Fred: Thank you Jim for landing the CFL United ad account. Let’s work out the ad campaign. Mike: I didn’t get the memo. What does CFL United do? Techno: They make Compact Fluorescent Lights. They are like those four foot tubes you see in warehouses, but these are about 1 foot long, really thin, and twisted around so they can fit in a the space of a light bulb. They have a different coating so the light isn’t so blue, but more yellow. Sometimes they put a glass bulb around them so they look more regular. Jim: These CFL’s are great. Should be a lot easier to sell than bottled water. They actually save money, use less electricity, and are cooler. Let’s just sell them as a win win win. Fred: Here are the talking points: Costs less Uses 1/4 of the electricity for the same light as from a Regular 100 watt bulb Lasts 10,000 hours compared to 1,000 hours for a regular bulb. Techno: Uh, they don’t cost less. A CFL is $5.00, a Regular is $.50 . Mike: OK, there is big hit up front, but they save money on electricity, right? Techno: Over its lifetime of 10,000 hours, a 25 watt CFL uses 250 KWH (kilowatt hours), compared to the same light from 10 Regular 100 watt bulbs, each lasting 1000 hours, and using 1000 KWH total. Here is the summary for 10,000 hours of use, with electricity costing $.10 per KWH. 100 watt Reg 10 bulbs $5.00 1,000 KWH $100.00 25 watt CFL 1 bulb $5.00 250 KWH $25.00 Saves $75.00 Mike: OK, no problem. Buy 10 CFL’s and save $750. Get rich! Techno: Yeah, if you don’t turn them off. Fred: Is that supposed to be a joke? Techno: Not really a joke. CFL’s are complicated. First, they need a high voltage to operate, which they get from some miniaturized electronics in the base. Second, they have a coating on the inside metal contacts which helps the electricity start flowing. They are hard to get going. When you turn one on, the electronics take some stress and that metal coating evaporates a bit. Turning one on takes away some of the CFL’s life. Once on, no problem. Turn one on and it can last 10,000 hours. If you turn it off, you have to turn it on later, which costs some of its life. So, don’t turn it off!. Jim: Whoa! We can’t tell people to just leave them on. How long do they last if you turn them off? Techno: That’s hard to say. CFL United isn’t too clear about the matter. They don’t say, really. And the aftermarket studies don’t dwell on this either. But, reasoning backward from some statements here and there, I estimate that the consumer grade CFL loses 5 hours of life each time it is turned on. Mike: So you get 10,000 hours or 2,000 on/off cycles, whichever comes first. What if I put one in the bathroom? I bet my family turns that light on and off about 10 times a day, for about 5 minutes each time. Techno: That CFL is going to last about 6 months (200 days). A Regular bulb in that use would last about 39 months. Regular bulbs don’t care if they are turned on and off. In that use, the CFL costs $9.89/yr compared to the Regular at $3.04/yr, counting cost of bulbs and electricity. This is mostly the cost of bulbs for the CFL, and the cost of electricity for the Regular. Mike: (shaking his head slowly) Not good. Not good. Is there anywhere these CFL’s can actually be used cost effectively? Jim: How about the kitchen or family room? Techno: Yes, if you need to leave them on for a while, CFL’s are cost effective. Fluorescent bulbs are always used in warehouses and offices, where they are on for 8-16 hours per day. Jim: Cut the suspense. How long for our CFL? Techno: I figure that the break-even is about 20 minutes. If you need the light on for at least 20 minutes, the CFL saves enough on electricity to offset the cost of turning it on, compared to a Regular 100 watt bulb. After that, you actually save money, about $.0075 per hour (3/4 cents). In the winter, the break-even is 38 minutes, because you benefit from the expensive heat that the Regular bulb puts out. In the summer, the break-even is 15 minutes, because the greater heat of the Regular bulb requires more air-conditioning. Mike: We’re saved. They are actually good for something after all. Fred: OK people, calm down. We’ve been through this sort of thing before. We have our campaign. Saves 75% of the electricity of a regular bulb. Lasts 10,000 hours* compared to 1,000 hours for regular bulbs. Saves $50 per bulb over its lifetime, compared to using regular 100 watt bulbs. Environmentally friendly * As measured in bulb-life studies. For maximum bulb life, leave the bulb on for 15 minutes or more for each use. Jim: I like the part about maximum bulb life. It slyly suggests that even if the bulb might be injured by short uses, you can heal it by leaving it on a bit longer. Mike: Why do we claim only $50 per bulb in savings? Fred: Clearly these bulbs aren’t going to last 10,000 hours, so we’ll claim more reasonable savings, but still big. Since they can use less energy, in the right situations, they are environmentally friendly. Right? Jim: You have a strange look on your face Techno. Techno: What about the other facts? Do you guys have my memo? Mike: I didn’t quite read that memo. What’s in it? Techno: There are a few other things. • Most CFL’s contain about 5 mg of mercury. They are supposed to be disposed of as hazardous waste, but there is no program to take them. They need a careful cleanup if you break one. • The twisty ones, with no outer glass bulb, can emit enough UV radiation at 1 foot away to produce a sunburn. • If you use them in an enclosed fixture, or base up in the ceiling, the electronics get hot, and its life is reduced. I couldn’t find out by how much. • There are many manufacturers, and you can’t tell how long a brand is going to last, or how it reacts to heat or on/off cycles. You need to trust, or you can always pay more for a higher quality CFL. They are somewhat longer and wider than a regular bulb, so they don’t fit everywhere. • Many CFL’s, especially the $5 ones, have a slow start-up. It takes them 30 seconds to 3 minutes to fully light up. • If you use them outdoors in the cold, some of them never fully light up, or they don’t start at all. • You can’t use the cheap CFL’s with a dimmer, but there are some that will work. • CFL’s are fluorescent. Some people get headaches from the light, or they see the 60 cycle flicker and can’t read by them, or they hate the color of the light, or they hear a faint buzz. • CFL’s get 20% dimmer as they age toward failure. • A house has many bulbs that are almost never used. It makes no sense to place $5 bulbs in those locations, rather than a $.50 bulb that will last for 5 years anyway. Jim: That is a lot to handle. How is CFL United going to sell these things? Fred: Need I remind you that CFL United has hired us? We are helping them sell these things. Also, we are informed that CFL United has done a good job in the US Congress pushing the idea of saving energy. So, everyone is going to buy CFL’s, because the Regular bulb is going to be prohibited. Green technology and all of that. Guys, we have our campaign. Techno, you are always unhappy. CFL’s have a few flaws, but there is no need to go into the small details. Let’s get the art work in production and sell, sell, sell.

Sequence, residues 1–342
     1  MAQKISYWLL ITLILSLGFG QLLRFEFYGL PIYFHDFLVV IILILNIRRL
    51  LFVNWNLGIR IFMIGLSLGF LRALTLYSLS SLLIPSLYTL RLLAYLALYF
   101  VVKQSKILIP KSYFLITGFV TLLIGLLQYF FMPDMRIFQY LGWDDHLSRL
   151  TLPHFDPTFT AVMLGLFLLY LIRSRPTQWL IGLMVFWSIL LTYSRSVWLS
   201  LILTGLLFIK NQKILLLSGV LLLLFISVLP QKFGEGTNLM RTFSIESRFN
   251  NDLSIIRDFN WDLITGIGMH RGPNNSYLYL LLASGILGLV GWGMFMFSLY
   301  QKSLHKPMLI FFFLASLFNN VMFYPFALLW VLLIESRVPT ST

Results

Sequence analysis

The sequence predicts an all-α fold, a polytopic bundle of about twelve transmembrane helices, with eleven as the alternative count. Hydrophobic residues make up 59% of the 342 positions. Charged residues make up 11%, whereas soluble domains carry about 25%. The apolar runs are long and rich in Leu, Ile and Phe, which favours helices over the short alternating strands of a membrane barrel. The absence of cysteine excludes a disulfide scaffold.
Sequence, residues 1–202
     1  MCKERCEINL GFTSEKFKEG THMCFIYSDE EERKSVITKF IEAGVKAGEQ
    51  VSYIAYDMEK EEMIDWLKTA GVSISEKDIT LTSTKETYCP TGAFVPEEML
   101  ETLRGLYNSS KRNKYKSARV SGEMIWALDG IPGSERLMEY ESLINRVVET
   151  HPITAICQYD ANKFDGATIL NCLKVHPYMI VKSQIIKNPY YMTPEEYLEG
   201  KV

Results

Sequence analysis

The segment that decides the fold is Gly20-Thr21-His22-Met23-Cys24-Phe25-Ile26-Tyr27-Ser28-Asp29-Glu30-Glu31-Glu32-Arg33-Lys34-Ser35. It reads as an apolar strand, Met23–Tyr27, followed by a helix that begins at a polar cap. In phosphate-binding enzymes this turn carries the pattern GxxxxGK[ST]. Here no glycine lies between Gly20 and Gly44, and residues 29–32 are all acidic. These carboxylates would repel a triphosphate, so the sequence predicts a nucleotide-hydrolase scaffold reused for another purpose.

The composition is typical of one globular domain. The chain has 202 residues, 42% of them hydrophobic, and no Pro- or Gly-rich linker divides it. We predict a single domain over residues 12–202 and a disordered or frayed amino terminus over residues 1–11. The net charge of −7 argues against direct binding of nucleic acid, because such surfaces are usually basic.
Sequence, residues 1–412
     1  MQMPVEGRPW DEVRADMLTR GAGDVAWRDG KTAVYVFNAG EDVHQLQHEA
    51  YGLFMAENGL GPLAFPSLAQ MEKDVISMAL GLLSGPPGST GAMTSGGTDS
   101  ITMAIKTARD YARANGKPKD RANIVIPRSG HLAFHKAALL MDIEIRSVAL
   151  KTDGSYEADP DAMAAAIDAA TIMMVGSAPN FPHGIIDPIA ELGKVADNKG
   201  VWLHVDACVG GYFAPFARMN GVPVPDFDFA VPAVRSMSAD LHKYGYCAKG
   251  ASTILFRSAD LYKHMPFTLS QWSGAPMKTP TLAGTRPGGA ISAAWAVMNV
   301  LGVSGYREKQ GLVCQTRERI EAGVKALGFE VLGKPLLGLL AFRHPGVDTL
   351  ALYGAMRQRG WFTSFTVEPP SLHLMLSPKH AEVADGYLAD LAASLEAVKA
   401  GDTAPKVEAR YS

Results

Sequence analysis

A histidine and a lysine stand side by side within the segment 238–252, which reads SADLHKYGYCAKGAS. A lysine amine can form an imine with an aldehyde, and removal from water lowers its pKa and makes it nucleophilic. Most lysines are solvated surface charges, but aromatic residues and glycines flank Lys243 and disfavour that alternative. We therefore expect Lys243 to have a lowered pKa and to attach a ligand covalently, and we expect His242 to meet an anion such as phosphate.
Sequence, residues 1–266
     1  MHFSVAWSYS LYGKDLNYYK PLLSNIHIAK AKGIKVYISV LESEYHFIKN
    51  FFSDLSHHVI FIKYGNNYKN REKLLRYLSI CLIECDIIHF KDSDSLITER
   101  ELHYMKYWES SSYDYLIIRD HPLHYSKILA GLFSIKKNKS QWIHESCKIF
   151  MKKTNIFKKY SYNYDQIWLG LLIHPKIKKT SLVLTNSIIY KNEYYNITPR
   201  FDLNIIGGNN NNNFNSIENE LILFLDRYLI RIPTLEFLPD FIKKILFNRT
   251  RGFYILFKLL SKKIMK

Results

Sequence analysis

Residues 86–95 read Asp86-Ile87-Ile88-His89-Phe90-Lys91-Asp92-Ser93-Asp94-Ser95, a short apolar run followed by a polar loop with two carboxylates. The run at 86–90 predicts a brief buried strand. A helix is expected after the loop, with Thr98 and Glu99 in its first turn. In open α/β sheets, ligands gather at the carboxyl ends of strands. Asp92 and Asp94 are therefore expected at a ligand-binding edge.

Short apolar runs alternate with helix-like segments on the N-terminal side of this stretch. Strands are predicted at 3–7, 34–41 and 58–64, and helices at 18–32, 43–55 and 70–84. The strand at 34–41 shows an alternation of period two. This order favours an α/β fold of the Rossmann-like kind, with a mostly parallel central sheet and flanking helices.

Send Your Light Bulbs To Washington